Tuesday, October 17, 2017

The average teacher is out 14 days out of the 180? That’s excessive if you ask me.

And if teachers are so concerned about long term illness coverage they should purchase an Aaflak type policy like people across the country who don’t have TDI (socialist RI is one of the few states that offer it) do.

And I know someone who works for the state, that person has a “sick time Bank” through their union. If the State can handle it why is it so difficult for the WTU to handle?

Wednesday, October 18, 2017

Assuming these numbers, on average Warwick needs 68 substitute teachers every day of the year because of teacher sick days. We're spending a lot of extra money on sick time in Warwick when we should be building new schools.

Wednesday, October 18, 2017

Warwick teachers get 90 sick days.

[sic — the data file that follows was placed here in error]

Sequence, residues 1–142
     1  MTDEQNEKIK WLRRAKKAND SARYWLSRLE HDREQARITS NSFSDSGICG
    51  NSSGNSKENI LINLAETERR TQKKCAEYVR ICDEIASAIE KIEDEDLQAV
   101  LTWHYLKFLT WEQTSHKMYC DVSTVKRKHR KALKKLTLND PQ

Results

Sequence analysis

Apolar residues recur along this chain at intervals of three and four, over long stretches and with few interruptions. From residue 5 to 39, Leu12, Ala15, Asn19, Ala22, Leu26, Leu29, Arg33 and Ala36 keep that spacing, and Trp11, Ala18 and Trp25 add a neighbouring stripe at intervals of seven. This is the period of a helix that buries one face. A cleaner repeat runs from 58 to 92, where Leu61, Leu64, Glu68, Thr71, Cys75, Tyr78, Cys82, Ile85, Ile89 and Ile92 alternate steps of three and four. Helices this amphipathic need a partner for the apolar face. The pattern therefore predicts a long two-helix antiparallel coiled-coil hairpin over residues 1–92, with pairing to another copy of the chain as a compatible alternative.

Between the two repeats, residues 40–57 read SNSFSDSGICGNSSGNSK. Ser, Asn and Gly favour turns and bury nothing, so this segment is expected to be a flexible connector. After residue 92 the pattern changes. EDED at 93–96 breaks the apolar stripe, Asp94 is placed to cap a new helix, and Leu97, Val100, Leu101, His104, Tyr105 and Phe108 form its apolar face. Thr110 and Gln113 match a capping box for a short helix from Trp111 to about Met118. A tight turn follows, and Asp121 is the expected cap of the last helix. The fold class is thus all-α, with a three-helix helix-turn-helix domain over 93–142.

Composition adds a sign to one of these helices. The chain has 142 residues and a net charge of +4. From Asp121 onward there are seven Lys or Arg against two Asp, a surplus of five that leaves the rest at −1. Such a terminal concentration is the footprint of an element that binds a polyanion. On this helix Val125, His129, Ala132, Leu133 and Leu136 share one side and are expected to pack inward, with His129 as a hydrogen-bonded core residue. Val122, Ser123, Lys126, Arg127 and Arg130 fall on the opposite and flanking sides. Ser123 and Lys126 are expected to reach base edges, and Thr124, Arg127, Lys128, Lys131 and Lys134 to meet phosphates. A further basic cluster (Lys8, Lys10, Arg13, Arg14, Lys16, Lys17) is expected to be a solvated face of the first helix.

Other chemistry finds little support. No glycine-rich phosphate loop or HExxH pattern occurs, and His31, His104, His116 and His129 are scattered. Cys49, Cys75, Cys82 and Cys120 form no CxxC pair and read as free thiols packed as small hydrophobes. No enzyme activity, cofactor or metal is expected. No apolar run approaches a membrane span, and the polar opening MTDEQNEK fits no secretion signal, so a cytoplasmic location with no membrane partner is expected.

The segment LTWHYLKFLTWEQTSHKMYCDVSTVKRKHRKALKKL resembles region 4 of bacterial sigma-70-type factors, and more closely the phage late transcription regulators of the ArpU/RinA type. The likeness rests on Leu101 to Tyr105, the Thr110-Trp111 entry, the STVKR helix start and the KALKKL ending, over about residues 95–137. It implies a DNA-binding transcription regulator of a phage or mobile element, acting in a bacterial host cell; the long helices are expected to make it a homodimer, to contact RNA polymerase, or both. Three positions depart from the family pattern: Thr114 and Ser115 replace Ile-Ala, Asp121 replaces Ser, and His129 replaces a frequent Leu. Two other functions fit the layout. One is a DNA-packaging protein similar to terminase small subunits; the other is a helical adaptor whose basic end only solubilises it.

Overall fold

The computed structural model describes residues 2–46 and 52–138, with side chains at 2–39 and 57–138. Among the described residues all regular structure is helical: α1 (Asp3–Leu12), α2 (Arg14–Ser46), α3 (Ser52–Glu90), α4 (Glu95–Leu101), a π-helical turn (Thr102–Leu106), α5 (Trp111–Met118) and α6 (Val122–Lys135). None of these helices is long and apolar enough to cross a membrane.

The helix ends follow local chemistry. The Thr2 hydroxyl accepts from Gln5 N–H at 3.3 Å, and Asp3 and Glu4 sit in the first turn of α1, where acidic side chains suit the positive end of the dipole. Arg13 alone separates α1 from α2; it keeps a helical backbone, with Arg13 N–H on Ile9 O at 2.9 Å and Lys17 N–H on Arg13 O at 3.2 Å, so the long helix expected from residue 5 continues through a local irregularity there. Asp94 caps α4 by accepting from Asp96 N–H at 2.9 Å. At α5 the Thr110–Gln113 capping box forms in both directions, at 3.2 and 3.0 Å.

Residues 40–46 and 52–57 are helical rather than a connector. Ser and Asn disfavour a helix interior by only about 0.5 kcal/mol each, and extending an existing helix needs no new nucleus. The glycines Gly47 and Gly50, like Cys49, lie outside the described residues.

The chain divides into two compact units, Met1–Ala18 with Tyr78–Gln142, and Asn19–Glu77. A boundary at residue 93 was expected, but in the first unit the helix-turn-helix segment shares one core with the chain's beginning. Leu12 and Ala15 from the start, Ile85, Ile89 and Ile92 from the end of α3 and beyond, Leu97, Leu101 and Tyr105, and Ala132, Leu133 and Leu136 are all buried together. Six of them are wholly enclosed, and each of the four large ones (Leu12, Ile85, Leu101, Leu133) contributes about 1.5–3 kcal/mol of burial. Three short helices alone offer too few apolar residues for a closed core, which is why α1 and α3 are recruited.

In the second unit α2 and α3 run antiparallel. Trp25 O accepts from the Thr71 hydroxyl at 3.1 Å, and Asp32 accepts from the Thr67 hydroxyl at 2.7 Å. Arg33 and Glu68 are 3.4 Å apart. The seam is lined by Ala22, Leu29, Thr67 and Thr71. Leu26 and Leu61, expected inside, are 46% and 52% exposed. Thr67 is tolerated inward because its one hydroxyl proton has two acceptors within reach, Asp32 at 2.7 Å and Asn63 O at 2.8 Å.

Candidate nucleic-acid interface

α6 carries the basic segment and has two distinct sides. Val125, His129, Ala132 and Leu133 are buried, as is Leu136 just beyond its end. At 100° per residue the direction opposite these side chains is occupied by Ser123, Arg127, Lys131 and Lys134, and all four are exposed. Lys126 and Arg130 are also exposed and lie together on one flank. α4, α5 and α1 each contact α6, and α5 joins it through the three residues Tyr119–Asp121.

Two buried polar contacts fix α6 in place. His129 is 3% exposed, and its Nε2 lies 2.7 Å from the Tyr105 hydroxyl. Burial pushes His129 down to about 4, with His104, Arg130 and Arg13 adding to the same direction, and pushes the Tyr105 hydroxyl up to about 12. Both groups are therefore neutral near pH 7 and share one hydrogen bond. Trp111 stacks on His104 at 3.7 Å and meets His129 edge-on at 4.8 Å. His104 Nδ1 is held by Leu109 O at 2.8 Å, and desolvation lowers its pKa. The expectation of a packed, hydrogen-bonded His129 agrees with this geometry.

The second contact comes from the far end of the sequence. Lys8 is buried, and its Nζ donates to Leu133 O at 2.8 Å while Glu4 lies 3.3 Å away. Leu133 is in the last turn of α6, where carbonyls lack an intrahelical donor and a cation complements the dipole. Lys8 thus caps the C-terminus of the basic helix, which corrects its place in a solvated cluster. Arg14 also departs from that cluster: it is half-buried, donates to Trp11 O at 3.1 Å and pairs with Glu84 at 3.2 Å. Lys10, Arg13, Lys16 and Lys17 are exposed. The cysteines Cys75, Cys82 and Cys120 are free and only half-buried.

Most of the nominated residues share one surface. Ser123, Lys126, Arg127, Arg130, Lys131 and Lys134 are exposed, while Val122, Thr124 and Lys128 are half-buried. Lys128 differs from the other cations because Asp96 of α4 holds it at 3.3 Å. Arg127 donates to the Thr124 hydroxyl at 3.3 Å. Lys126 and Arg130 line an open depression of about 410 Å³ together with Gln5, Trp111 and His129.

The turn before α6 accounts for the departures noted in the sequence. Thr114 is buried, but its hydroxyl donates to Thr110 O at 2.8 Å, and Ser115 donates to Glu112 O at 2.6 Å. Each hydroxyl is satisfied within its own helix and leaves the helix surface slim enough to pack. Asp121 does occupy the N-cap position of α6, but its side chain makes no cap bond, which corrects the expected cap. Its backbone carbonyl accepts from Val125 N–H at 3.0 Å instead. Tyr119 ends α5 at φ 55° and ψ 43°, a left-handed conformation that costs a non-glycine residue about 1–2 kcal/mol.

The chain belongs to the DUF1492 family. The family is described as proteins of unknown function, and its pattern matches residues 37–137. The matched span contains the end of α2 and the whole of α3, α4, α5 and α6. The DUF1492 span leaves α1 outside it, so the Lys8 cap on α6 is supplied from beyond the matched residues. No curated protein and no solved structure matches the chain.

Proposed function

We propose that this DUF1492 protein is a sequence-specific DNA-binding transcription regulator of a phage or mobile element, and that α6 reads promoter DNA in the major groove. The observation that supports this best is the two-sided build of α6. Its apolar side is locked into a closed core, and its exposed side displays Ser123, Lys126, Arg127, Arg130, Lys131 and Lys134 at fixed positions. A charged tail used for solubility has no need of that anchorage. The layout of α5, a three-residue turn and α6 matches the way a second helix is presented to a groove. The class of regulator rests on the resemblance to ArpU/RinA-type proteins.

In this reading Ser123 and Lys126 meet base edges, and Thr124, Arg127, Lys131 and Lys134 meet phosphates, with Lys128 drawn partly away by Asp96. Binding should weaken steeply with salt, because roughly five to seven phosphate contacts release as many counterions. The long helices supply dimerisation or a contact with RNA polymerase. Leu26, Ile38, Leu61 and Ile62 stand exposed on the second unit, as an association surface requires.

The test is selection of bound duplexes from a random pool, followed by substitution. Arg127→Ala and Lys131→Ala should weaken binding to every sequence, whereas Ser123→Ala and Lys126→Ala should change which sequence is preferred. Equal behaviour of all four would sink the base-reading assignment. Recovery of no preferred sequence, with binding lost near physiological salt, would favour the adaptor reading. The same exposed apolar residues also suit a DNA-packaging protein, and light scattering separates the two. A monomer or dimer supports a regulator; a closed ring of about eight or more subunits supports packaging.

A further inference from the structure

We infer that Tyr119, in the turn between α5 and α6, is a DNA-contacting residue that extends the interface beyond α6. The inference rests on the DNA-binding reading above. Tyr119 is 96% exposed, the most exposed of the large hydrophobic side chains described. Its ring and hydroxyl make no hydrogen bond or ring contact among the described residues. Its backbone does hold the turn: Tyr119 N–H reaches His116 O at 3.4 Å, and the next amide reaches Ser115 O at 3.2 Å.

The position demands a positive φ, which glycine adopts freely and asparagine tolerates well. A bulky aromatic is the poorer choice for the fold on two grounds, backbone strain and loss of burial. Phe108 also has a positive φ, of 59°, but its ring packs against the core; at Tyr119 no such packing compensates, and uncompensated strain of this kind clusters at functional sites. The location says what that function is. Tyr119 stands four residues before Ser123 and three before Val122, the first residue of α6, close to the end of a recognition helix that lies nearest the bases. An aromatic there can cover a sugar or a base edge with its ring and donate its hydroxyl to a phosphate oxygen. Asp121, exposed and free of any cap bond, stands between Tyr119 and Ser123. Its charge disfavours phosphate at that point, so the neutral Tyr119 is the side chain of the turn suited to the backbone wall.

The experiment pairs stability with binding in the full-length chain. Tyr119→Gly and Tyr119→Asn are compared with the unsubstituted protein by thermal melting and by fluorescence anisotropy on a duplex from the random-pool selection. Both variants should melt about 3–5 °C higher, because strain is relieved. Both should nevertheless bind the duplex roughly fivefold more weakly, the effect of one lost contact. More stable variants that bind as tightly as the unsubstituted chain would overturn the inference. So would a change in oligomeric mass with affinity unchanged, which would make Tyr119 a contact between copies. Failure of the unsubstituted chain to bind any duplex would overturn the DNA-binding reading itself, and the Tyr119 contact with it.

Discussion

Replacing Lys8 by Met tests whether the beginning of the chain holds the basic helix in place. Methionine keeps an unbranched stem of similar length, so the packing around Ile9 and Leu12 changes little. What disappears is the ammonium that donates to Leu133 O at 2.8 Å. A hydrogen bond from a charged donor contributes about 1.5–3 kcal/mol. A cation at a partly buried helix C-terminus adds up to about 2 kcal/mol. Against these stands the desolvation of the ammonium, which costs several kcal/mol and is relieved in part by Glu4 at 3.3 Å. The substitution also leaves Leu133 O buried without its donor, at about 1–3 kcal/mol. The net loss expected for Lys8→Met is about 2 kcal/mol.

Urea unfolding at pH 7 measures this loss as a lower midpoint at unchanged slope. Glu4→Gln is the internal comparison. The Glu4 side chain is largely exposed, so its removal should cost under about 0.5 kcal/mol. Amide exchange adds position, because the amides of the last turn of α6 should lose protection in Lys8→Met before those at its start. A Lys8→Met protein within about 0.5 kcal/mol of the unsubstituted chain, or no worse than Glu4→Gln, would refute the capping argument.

Cranston teachers get 90 sick days.

Lincoln teachers get 20 sick days.

Providence teachers get 15 sick days.

Narragansett teachers get 15 sick days.

CF teachers get 13 sick days.

Pawtucket teachers get 13 sick days.

North Providence teachers get 12 sick days.

Cumberland teachers get 9 sick days.

All have varying numbers of how many days can be accumulated, and some have sick banks, some may have TDI, someone else can do that research. But this is a start of comparing Warwick to other systems.

Wednesday, October 18, 2017

Rick and Dan,

Your comments are just as misleading and misinformed as all other sources. If I may break this down for you both STATISTICALLY: